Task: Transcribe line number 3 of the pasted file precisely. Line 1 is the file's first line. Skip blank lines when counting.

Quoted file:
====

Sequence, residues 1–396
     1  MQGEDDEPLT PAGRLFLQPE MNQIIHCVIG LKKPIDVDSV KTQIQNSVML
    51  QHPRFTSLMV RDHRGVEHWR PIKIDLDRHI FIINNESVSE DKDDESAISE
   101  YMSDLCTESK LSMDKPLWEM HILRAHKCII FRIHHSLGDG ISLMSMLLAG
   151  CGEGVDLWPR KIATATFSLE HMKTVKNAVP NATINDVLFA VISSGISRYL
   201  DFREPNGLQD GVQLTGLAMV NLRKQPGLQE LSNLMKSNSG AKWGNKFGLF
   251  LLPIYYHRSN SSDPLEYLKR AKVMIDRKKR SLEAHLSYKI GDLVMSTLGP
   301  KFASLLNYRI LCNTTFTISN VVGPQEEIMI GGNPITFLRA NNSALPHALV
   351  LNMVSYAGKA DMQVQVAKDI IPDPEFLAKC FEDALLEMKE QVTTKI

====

    51  QHPRFTSLMV RDHRGVEHWR PIKIDLDRHI FIINNESVSE DKDDESAISE